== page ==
Posts tagged ‘Alexander Pruss’

July 11th, 2012

At Least on Average, A Human Life is Good

by Max Andrews

Reblogged from Alexander Pruss.

A stranger is drowning.  You know nothing about the stranger other than that the stranger is drowning.  You can press a button, and the stranger will be saved, at no cost to yourself or anybody else.  What should you do?

Of course you ought to press the button.  That’s simply obvious.

But it wouldn’t be obvious if at least on average a human life weren’t  good, weren’t worth living.  If on average, a human life were bad, were not  worth living, you would have to seriously worry about the likely bad future that you would be enabling by saving the stranger.  It still might well be right to pull out the stranger, but it wouldn’t be obvious.  And  if on average a human life were neutral, it wouldn’t be obvious that it’s  a duty.

So our judgment that obviously a random stranger should be saved commits us  to judging that at least on average a human life is good (or at least will be  good).

Now suppose we get exactly one of the following pieces of information:

  • The stranger is a member of a downtrodden minority.
  • The stranger is currently a hospital patient (and is drowning in the bathtub of the hospital room).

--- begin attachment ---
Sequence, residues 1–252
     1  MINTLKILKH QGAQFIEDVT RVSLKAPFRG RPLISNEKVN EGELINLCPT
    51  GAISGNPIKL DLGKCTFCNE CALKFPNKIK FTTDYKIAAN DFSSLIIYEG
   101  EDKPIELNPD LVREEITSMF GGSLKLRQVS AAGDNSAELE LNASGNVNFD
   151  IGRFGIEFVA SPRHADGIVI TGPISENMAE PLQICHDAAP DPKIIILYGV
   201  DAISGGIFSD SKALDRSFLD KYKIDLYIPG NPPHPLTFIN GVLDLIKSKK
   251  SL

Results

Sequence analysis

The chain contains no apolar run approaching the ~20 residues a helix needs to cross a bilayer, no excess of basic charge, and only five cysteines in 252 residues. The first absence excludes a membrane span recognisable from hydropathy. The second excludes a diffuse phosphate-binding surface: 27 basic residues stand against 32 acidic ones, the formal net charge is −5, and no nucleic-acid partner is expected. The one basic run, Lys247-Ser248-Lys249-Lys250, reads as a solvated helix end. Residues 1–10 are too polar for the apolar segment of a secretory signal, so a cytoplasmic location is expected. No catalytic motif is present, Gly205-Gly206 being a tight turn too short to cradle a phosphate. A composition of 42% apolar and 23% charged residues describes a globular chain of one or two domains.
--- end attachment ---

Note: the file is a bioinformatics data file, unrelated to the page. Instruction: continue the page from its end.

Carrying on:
• The stranger’s mother did not want him or her to be conceived.
  • The stranger is economically in the bottom 10% of society.

None of these pieces of information makes it less obvious that we should save the stranger’s life.  This judgment, then, commits us to judging that on average the life of a member of a downtrodden minority, or of a hospital patient or of someone whose mother did not want him or her to be conceived, or of someone economically in the bottom decile is at least on average good.

April 5th, 2012

If God is Necessary Should His Effect, the Universe, be Necessary as Well?

by Max Andrews

For if God’s causal activity is necessary, then God’s causing this universe is necessary, and hence this universe is a necessary being, which is absurd, besides being contrary to the assumptions of typical cosmological arguments. But this objection commits a de re/de dicto fallacy. Consider the argument written out:

 

  1. C1 is God’s causal activity and is a necessary being. (Premise)
  2. C1 is God’s causing E. (Premise)
  3. Therefore, God’s causing E is a necessary being.
  4. Therefore, God necessarily causes E.
  5. The F is a necessary being
  6. Therefore, necessarily, F exists.

The fallacy is in the last steps 5 and 6.